Call for National Medal of Science Nominations
Highest honor for American scientists and engineers; deadline is Dec. 7, 2007
The National Science Foundation (NSF) will accept applications for the National Medal of Science until Dec. 7, 2007. Established by Congress in 1959, the National Medal of Science is the Nation's highest honor for American scientists and engineers presented annually by the President of the United States.
The National Medal of Science is presented to individuals deserving of special recognition by reason of their outstanding contributions to knowledge in the biological, engineering, mathematical, physical or social and behavioral sciences. The selection process is managed by the NSF.
Since its establishment, the Medal has been awarded to 441 distinguished scientists and engineers whose careers spanned decades of research and development. The laureates have made major impacts in fields of science and engineering through career-long, ground-breaking achievements in the disciplines for which the awards are given. The Medal also recognizes contributions to innovation, industry or education.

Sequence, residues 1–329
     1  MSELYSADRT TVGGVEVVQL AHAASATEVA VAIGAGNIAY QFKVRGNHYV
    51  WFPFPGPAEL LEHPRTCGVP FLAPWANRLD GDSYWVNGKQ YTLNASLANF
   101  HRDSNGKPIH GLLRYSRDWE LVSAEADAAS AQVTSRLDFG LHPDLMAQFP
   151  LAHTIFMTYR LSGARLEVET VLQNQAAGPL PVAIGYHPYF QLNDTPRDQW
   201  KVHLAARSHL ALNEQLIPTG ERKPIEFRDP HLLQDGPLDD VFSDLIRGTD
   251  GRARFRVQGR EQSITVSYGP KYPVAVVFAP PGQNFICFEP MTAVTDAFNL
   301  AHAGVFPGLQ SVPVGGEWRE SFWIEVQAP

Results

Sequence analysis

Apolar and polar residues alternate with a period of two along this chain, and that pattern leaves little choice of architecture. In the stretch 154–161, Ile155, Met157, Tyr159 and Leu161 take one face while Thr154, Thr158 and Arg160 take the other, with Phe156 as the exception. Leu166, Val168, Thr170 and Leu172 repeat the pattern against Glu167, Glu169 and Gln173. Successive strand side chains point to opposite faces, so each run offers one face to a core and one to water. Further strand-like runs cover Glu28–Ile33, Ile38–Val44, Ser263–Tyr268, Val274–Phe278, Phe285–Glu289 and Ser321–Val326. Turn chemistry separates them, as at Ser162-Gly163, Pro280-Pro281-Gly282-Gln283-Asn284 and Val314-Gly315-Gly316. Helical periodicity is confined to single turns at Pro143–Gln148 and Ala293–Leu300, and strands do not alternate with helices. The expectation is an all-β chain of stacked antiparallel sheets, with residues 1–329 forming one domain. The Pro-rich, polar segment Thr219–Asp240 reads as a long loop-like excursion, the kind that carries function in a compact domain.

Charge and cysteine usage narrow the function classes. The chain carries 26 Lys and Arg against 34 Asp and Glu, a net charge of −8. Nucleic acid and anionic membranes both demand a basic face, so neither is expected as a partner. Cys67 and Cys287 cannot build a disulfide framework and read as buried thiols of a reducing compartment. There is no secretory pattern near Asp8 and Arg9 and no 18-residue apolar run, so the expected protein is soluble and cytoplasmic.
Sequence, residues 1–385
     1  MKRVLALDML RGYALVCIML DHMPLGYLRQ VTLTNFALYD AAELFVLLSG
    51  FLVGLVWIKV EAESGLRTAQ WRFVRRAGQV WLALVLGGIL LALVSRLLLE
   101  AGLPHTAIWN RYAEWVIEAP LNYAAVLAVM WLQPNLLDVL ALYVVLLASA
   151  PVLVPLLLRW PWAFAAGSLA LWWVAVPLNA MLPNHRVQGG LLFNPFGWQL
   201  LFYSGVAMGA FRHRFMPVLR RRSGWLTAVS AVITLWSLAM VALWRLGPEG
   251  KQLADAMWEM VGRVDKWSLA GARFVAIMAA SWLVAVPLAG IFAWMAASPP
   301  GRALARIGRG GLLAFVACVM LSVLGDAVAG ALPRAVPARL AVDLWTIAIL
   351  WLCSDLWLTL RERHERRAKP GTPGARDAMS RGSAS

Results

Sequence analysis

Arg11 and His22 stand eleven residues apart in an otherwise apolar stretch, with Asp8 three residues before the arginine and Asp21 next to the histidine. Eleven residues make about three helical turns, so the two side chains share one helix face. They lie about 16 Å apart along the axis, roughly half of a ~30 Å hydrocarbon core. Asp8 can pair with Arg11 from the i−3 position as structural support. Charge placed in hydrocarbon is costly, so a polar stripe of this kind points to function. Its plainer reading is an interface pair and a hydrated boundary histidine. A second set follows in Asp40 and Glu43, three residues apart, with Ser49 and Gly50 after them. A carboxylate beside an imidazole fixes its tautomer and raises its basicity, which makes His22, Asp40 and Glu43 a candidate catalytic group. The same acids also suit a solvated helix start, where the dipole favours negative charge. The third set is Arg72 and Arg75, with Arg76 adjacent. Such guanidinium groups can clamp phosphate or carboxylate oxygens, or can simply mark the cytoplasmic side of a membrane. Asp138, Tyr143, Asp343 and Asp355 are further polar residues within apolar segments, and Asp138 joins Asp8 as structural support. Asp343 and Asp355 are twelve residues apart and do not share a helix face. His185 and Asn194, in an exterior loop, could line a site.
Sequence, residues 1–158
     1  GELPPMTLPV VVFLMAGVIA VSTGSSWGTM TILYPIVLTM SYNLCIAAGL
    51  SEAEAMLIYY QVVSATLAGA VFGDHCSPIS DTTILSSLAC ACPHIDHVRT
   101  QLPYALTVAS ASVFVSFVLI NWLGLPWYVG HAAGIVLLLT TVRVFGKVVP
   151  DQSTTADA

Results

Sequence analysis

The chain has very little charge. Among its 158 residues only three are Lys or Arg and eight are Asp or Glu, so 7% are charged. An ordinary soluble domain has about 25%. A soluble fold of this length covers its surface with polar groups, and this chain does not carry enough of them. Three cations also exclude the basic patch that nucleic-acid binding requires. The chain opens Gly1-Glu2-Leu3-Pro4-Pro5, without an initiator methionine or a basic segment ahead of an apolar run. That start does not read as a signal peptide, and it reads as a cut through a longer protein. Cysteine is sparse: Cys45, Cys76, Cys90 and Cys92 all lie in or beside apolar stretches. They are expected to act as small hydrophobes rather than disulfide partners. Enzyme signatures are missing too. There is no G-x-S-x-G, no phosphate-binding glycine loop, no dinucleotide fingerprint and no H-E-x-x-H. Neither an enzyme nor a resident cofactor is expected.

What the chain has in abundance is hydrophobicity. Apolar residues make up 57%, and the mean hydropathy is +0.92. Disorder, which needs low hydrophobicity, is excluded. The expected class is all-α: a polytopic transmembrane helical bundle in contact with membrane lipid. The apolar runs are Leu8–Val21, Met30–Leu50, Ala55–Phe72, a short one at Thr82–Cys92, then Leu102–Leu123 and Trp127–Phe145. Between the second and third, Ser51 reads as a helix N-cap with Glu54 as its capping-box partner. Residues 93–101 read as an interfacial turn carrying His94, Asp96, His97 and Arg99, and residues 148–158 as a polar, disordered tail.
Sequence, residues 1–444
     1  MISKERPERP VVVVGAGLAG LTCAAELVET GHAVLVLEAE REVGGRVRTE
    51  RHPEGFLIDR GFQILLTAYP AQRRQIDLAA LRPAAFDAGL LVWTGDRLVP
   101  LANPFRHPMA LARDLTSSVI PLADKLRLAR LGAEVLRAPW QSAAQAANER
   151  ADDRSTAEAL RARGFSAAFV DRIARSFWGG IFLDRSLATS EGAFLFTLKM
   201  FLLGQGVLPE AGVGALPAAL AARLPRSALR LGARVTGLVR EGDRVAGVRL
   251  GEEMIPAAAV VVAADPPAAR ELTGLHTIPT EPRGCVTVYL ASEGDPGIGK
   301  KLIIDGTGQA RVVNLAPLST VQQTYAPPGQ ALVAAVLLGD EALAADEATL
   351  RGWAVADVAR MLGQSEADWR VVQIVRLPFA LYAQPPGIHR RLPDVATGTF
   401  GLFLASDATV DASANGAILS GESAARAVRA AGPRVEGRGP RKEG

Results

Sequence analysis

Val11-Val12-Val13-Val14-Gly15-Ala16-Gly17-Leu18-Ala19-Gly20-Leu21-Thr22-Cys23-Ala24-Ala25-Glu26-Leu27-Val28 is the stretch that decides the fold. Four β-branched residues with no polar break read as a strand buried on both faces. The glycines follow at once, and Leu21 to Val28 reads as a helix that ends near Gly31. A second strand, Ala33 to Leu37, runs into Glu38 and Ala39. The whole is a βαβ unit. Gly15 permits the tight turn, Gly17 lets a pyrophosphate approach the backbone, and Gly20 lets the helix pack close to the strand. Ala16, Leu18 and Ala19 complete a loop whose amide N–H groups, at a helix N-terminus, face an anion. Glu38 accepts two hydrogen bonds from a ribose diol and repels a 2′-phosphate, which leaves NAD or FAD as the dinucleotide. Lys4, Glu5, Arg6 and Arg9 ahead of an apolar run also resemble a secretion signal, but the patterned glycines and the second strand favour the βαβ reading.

Eligible candidates must be living U.S. citizens or permanent residents who have applied for citizenship within the past 12 months. NSF encourages diverse, high quality nominations for the 2008 Medals. More detailed eligibility criteria and the nomination guidelines are available at www.nsf.gov/od/nms/medal.jsp.
Information on past recipients is also available at www.nsf.gov/od/nms/recipients.cfm.
The National Science Foundation (NSF) is an independent federal agency that supports fundamental research and education across all fields of science and engineering. In fiscal year (FY) 2016, its budget is $7.5 billion. NSF funds reach all 50 states through grants to nearly 2,000 colleges, universities and other institutions. Each year, NSF receives more than 48,000 competitive proposals for funding and makes about 12,000 new funding awards. NSF also awards about $626 million in professional and service contracts yearly.
Useful NSF Web Sites: